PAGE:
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# ACTRIS COQ DEVELOPMENT

This directory contains the artifact for the paper "Actris: Session Type
Based Reasoning in Separation Logic".

It has been built and tested with the following dependencies

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 - Coq 8.10
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 - [std++](https://gitlab.mpi-sws.org/robbertkrebbers/coq-stdpp) at
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   commit 37e95a04.
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 - [iris](https://gitlab.mpi-sws.org/iris/iris) at
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   commit d1787db2.
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In order to build, install the above dependencies and then run
`make -j [num CPU cores]` to compile Actris.

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## Theory of Actris

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The theory of Actris (semantics of channels, the model, and the proof rules)
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can be found in the directory [theories/channel](theories/channel). The files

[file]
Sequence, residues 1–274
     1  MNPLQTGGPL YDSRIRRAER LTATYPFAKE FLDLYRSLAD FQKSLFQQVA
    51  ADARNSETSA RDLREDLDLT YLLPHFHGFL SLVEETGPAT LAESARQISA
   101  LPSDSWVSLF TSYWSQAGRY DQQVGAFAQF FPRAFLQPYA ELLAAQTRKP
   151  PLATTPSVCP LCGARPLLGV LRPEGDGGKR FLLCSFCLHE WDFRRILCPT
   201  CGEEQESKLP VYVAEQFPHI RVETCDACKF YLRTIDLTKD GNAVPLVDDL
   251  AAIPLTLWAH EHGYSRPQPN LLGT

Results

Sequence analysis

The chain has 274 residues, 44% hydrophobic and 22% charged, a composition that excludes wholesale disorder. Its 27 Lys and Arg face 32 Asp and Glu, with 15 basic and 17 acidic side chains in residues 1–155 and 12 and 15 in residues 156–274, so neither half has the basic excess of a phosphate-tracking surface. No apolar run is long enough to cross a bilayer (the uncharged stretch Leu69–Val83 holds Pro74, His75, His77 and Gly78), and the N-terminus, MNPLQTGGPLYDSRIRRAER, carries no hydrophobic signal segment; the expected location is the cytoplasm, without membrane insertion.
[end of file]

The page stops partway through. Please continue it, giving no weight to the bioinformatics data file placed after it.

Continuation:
correspond to the following parts of the paper:

- [theories/channel/channel.v](theories/channel/channel.v): The definitional
  semantics of bidirectional channels in terms of Iris's HeapLang language.
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- [theories/channel/proto_model.v](theories/channel/proto_model.v): The
  construction of the model of Dependent Separation Protocols as the solution of
  a recursive domain equation.
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- [theories/channel/proto_channel.v](theories/channel/proto_channel.v): The
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  instantiation of protocols with the Iris logic, definition of the connective `↣`
  for channel endpoint ownership, and lemmas corresponding to the Actris proof rules.
  The relevant definitions and proof rules are as follows:
  + `iProto Σ`: The type of protocols.
  + `iProto_message`: The constructor for sends and receives.
  + `iProto_end`: The constructor for terminated protocols.
  + `mapsto_proto`: endpoint ownership `↣`.
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  + `new_chan_proto_spec`: proof rule for `new_chan`.
  + `send_proto_spec` and `send_proto_spec_packed`: proof rules for `send`, the
    first version is more convenient to use in Coq, but otherwise the same as
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    the latter, which is the rule in the paper.
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  + `recv_proto_spec` and `recv_proto_spec_packed`: proof rules for `recv`, the
    first version is more convenient to use in Coq, but otherwise the same as
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    the latter, which is the rule in the paper.
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  + `select_spec`: proof rule for `select`.